Chapter 1: Aim of the Assessment

Charting Progress

The vision of achieving clean, healthy, safe, productive and biologically diverse oceans and seas was set out in the first marine stewardship report – Safeguarding our Seas – published in 2002. As an initial step towards this vision, the Department for Environment, Food and Rural Affairs (Defra) and the Devolved Administrations published Charting Progress in 2005, which was the first integrated assessment of the state of the UK seas. In overview, the report concluded:

The general picture that emerges from the evidence is that the UK seas are productive and support a wide range of fish, mammals, seabirds and other marine life. The open seas are generally not affected by pollution and the levels of monitored contaminants have decreased significantly. The main contamination problems which are identified are in part due to the legacy of the past and are generally observed at higher levels in industrialised estuaries or areas local to the activity.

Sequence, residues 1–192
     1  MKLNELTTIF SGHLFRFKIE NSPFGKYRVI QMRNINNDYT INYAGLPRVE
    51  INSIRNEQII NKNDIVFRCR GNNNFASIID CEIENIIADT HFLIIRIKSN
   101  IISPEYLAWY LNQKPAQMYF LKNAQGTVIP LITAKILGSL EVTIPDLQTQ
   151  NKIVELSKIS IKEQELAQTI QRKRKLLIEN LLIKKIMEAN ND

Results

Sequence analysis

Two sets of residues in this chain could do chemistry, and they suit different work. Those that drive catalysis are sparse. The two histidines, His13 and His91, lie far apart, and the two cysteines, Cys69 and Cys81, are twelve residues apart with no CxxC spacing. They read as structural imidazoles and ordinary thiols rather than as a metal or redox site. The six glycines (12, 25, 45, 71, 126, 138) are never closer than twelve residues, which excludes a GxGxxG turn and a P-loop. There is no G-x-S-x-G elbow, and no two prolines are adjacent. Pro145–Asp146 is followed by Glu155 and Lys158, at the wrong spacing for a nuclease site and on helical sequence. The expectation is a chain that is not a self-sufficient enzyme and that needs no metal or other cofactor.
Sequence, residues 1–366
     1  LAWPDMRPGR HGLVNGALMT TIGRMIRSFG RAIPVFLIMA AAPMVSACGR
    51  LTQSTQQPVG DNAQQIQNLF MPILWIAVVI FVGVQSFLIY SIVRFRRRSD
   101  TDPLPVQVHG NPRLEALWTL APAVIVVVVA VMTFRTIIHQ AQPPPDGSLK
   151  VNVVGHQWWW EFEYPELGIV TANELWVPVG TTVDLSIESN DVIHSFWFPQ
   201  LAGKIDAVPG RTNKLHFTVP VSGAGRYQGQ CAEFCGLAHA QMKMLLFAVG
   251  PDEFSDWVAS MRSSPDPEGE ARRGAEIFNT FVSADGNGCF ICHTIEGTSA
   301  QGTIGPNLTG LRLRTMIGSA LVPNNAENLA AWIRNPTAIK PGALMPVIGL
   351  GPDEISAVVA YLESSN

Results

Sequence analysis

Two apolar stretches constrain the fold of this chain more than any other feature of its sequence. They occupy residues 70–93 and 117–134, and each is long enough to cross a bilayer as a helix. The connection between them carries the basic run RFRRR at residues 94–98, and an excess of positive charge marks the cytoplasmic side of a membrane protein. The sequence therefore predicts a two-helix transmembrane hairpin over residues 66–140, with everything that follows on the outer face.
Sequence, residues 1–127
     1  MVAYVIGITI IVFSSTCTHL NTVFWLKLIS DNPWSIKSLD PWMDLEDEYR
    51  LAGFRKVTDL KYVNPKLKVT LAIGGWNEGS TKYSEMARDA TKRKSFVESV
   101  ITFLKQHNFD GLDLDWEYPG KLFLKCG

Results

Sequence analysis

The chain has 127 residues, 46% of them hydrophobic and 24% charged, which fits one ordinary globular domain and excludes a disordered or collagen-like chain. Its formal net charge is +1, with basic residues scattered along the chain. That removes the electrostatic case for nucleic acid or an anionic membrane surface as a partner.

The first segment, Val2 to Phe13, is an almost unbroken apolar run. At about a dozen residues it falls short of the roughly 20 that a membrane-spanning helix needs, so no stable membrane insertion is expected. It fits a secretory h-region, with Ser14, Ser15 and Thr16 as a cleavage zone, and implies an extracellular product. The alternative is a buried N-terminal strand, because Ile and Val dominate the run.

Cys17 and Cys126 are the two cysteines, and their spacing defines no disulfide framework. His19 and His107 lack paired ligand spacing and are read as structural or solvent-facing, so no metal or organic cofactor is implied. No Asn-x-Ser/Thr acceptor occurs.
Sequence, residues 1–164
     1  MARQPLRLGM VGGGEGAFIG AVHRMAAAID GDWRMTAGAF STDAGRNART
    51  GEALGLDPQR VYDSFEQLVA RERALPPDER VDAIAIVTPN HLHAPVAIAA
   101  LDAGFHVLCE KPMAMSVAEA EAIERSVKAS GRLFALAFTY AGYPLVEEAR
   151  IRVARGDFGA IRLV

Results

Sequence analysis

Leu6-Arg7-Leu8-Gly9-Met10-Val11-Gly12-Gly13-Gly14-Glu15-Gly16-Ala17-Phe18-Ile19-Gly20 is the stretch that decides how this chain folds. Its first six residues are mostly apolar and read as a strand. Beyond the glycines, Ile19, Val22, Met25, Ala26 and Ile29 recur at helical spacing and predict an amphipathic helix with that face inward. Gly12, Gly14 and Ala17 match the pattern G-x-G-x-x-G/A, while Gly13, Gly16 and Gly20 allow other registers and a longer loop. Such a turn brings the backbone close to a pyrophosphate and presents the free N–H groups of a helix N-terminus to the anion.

However, human activity has already resulted in adverse changes to marine life and continues to do so. For example, widespread commercial fishing practices threaten many fish stocks by over-exploitation and damage sea floor areas. There is also evidence that the marine ecosystem is being altered by climate change: for example sea temperatures are rising and the distribution of plankton species is changing. These changes pose a real threat to the balance and integrity of the marine ecosystem.

Charting Progress made a number of recommendations for action to improve our understanding of the marine environment and the way we manage and collect information about it.

Yacht with basking shark

© Keith Hiscock, JNCC